The solvent contained in the solution acts upon the celluloid sheet and dissolves some of the surface of the sheet causing the surface of the sheet to become part of the solution. Before the solvent has time to evaporate, the granulated attrition material 4, such as sand, emery and other attrition material is applied on the solution surface of the sheet. The whole solution and sheet, after the evaporation of the solvent, become united, and as one homogeneous mass form the base in which the attrition material becomes embedded and set. This attrition material may vary in size so as to produce disks and other attrition devices which are either coarse or fine. When the solvent has evaporated the celluloid in the original solution and that dissolved onthe surface of the sheet thereby regains. its former character as celluloid, and the grains of the attrition material become embedded and set firmly on the sheet, the bases of the grains being surrounded by the celluloid residue of the original solution and of the dissolved portion of the sheet.
The process described above' will form disk and other attrition devices of excellent quality. I may, however, apply a second coat of the solution to the sheet upon which the attrition material has been placed. The application of the second coat results in surrounding the attrition material more deeply with celluloid without lessening the attrition qualities. Where it is desired to produce a product havingvery fine materialembedded upon it the one coat process is preferable.
At the time the solution and attrition material is applied to the sheet, and until the evaporation of the solvent'is complete, the sheet must be kept from buckling by some means such as the frame shown in Fig. 1. After the evaporation of the solvent is complete, the sheet is removed from the frame, and disks 5, or strips, or other attrition devices may be cut or stamped from the sheet thus produced. I am aware that it has been'proposed to form attrition disks and the like from cellul oid by heating the sheet and forcing the attrition material into the sheet under pressure. I do not claim such a process. I am also aware that it has been proposed to apply attrition material to celluloid disks or the like and to secure the attrition material to the sheets by the use of a cement. I therefore'do not claim either of these processes. j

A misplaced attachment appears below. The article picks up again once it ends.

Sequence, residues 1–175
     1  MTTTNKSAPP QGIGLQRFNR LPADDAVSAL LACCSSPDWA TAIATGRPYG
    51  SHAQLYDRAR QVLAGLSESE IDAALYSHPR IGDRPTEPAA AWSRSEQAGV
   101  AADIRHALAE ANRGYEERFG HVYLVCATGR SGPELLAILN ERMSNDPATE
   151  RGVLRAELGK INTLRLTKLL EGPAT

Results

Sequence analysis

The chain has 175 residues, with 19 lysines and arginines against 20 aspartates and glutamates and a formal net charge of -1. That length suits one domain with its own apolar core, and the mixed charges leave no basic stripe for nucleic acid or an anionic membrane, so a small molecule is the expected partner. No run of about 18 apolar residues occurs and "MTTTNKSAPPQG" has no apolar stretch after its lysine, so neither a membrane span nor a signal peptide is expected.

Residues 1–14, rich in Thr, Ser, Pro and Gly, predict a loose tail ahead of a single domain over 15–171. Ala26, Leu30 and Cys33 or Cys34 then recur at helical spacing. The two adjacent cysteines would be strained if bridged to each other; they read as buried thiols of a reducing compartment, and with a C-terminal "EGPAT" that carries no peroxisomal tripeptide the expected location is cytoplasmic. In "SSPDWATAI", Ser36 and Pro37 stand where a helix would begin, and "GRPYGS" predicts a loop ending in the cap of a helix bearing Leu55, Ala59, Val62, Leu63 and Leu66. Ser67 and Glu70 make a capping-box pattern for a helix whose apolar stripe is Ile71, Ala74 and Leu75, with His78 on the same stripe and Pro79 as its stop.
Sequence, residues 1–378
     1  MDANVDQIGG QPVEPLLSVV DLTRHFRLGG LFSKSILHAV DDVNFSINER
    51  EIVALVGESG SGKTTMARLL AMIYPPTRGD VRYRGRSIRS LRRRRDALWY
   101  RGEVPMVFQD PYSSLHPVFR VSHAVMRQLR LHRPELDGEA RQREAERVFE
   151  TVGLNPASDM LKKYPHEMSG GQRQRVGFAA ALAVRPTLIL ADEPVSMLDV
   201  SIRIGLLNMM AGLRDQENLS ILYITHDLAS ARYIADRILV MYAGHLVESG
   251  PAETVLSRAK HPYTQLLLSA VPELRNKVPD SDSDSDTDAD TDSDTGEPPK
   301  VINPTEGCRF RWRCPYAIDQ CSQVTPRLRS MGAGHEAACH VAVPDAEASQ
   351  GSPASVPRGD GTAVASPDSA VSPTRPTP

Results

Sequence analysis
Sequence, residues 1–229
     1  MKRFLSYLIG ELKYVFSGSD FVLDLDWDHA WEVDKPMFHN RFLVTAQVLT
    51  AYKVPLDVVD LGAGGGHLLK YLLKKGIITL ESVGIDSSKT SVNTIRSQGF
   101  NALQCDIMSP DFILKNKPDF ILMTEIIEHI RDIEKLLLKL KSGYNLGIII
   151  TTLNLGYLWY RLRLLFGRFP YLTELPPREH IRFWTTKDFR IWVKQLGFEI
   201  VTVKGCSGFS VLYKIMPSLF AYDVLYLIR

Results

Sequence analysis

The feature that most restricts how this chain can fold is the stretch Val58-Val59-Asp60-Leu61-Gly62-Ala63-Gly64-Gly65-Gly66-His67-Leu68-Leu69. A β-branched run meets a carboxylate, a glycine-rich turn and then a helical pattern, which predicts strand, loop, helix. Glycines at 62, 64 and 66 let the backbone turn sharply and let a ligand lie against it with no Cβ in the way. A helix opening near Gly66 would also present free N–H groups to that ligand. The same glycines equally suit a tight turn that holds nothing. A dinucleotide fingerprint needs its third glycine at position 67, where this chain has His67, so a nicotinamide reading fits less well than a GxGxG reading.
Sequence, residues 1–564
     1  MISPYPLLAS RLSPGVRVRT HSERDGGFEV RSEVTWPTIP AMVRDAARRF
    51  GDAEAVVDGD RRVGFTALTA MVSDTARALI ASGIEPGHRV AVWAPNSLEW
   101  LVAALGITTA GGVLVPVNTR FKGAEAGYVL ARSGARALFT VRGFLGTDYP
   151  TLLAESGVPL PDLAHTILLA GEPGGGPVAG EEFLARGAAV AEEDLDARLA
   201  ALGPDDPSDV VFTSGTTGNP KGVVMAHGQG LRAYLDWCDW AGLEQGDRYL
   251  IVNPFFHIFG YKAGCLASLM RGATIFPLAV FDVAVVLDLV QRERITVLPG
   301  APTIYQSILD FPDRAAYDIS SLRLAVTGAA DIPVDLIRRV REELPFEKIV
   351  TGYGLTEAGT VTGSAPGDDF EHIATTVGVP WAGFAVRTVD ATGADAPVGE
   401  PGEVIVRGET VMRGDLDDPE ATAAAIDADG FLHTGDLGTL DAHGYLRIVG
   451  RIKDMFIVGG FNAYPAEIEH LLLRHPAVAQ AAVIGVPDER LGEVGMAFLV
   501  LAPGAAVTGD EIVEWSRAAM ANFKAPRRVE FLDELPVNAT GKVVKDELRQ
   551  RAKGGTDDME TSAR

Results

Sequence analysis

What I claim is z 1. The herein described process of producing attrition sheets which consists intreating the face of the sheet with a solvent, thereby softening the surface of the sheet, applying attrition material to the sheet while the latter is in its softened condition, and then drying the sheet.
2. The herein described process of producing attrition sheets which consists in treating the face of the sheet with a solvent, thereby softening the surface of the sheet, applying attrition material to the sheet While the latter is in its softened condition, then drying the sheet, and preventing the buckling of the sheet While the latter is drying. 3. he herein described process of producterial to the sheet While the latter is in its softened condition, and then drying" the sheet.
4. The herein described process of producing attrition sheets which consits in treating the face of a sheet of celluloid witha solution of celluloid containing a volatile solvent, applying attrition material to the sheet and subsequently permitting'the solvent to solution of celluloid containing a volatile solvent, applying attrition material to the sheet, subsequently applying a second coat of the solution anddrying the sheet.
6. The herein described attrition sheet which consists of a body portion of celluloid sheet. HERMAN F; STEMPEL, JR. Witnesses:
WOLFGANG. T. I STEMPEL, RUTH Low.
lution which has become united with the